November 22, 2011

The Ant, the Shaman and the Scientist: Shamanic lore spurs scientific discovery in the Amazon

When he pointed to the tree trunk and said the scars were from fires set by invisible forest spirits, I had no idea this supernatural observation would lead to a new discovery for natural science.  Mariano, the eldest shaman (who has since passed away) of the Matsigenka village of Yomibato in Manu National Park, Peru, had first showed me the curious clearings in the forest that form around clumps of Cordia nodosa, a bristly tropical shrub related to borage (Borago officinalis).  Both the Matsigenka people and tropical ecologists recognize the special relationship that exists between Cordia and ants of the genus Myrmelachista: the Matsigenka word for the plant is matiagiroki, which means “ant shrub.”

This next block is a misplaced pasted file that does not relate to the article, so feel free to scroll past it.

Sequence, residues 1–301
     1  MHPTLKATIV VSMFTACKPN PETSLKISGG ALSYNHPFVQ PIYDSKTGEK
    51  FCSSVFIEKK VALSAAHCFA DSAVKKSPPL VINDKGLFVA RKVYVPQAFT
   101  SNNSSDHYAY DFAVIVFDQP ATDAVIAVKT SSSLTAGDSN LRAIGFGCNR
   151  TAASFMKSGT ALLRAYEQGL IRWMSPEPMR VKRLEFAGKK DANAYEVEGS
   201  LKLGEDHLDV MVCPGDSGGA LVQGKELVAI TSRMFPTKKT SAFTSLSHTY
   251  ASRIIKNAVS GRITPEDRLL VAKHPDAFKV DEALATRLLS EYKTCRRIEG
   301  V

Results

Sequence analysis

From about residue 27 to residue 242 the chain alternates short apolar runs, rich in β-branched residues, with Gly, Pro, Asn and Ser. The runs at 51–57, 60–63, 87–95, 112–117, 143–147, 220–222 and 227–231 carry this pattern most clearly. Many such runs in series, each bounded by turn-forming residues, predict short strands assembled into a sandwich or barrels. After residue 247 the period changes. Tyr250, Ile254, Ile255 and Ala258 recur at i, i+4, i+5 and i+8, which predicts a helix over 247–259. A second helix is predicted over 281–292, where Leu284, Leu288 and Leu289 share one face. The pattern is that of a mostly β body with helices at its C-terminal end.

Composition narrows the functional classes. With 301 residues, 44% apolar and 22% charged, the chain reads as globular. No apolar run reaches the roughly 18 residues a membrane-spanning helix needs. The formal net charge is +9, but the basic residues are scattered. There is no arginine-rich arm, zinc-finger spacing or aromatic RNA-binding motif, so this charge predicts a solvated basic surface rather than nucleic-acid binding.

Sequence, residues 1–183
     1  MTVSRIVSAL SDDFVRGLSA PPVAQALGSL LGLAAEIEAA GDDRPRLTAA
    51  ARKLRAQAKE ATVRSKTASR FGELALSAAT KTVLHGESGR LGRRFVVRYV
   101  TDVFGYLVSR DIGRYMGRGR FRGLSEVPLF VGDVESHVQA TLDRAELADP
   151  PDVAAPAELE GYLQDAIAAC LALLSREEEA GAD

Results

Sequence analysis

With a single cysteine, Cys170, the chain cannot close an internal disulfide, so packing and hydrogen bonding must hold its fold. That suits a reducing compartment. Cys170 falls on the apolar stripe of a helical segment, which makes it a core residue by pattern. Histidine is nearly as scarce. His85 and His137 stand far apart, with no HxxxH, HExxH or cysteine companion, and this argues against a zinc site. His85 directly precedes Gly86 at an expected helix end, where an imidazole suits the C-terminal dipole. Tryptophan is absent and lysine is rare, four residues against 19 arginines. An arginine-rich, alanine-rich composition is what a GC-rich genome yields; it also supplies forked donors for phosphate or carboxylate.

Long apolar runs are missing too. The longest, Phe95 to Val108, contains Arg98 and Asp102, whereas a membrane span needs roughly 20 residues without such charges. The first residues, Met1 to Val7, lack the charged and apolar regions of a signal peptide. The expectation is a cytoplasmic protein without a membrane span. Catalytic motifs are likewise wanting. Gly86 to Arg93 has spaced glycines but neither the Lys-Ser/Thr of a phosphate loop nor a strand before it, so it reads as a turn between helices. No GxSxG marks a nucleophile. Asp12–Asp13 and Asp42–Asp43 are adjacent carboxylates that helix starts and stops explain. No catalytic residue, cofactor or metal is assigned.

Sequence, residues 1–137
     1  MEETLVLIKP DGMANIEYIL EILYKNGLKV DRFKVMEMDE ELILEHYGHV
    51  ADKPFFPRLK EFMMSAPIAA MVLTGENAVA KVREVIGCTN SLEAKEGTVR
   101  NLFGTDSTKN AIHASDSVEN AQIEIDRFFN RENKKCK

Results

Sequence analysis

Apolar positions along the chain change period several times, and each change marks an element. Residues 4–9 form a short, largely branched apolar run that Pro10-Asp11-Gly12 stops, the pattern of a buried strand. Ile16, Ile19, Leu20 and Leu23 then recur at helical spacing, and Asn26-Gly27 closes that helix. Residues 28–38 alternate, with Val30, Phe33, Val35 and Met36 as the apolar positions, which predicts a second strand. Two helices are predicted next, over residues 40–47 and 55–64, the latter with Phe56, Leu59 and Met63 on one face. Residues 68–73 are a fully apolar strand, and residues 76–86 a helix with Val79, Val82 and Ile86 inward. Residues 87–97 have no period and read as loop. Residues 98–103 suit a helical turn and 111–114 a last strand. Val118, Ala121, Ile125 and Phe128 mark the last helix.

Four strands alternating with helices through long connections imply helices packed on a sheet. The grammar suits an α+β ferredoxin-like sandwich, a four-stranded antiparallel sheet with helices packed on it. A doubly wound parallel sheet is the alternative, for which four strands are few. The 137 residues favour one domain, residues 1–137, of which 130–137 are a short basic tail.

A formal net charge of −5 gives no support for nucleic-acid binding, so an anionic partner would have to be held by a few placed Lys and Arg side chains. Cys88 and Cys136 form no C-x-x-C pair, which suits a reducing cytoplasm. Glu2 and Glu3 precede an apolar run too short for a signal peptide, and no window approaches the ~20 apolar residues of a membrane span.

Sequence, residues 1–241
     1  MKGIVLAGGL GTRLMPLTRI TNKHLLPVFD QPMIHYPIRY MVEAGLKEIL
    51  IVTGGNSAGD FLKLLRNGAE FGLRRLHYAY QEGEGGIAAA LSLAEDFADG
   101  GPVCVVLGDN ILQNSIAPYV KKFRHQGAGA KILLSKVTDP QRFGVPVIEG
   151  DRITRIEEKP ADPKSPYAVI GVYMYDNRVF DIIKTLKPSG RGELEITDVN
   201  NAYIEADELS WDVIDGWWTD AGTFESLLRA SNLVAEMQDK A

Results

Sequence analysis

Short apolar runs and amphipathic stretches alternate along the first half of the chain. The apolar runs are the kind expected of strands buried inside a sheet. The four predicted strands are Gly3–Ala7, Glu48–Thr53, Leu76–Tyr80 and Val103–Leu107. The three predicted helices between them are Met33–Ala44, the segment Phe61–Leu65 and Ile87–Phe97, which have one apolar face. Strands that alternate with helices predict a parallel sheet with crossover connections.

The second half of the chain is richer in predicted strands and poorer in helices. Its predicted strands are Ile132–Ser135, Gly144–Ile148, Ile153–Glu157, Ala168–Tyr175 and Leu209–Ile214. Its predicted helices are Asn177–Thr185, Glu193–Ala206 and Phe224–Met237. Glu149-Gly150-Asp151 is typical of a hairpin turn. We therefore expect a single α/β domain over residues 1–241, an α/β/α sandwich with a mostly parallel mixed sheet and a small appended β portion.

Maximo Vicente, Mariano's grandson, standing by a 
swollen, scarred trunk near a Cordia patch.
For scientists, the clearings in the forest understory around patches of Cordia are caused by a mutualistic relationship with the ants.  Cordia plants provide the ant colony with hollow branch nodes for nesting and bristly corridors along twigs and leaves for protection, while the ants use their strong mandibles and acidic secretions to clear away competing vegetation.  Local Quechua-speaking colonists refer to the clearings as “Devil’s gardens” (supay chacra).  For the Matsigenka, these clearings are the work of spirits known as Sangariite, which means ‘Pure’ or ‘Invisible Ones’.  Matsigenka shamans like Mariano come to these spirit clearings and consume powerful narcotics and hallucinogens such as tobacco paste, ayahuasca (Banisteriopsis), or the Datura-like toĆ© (Brugmansia).[1]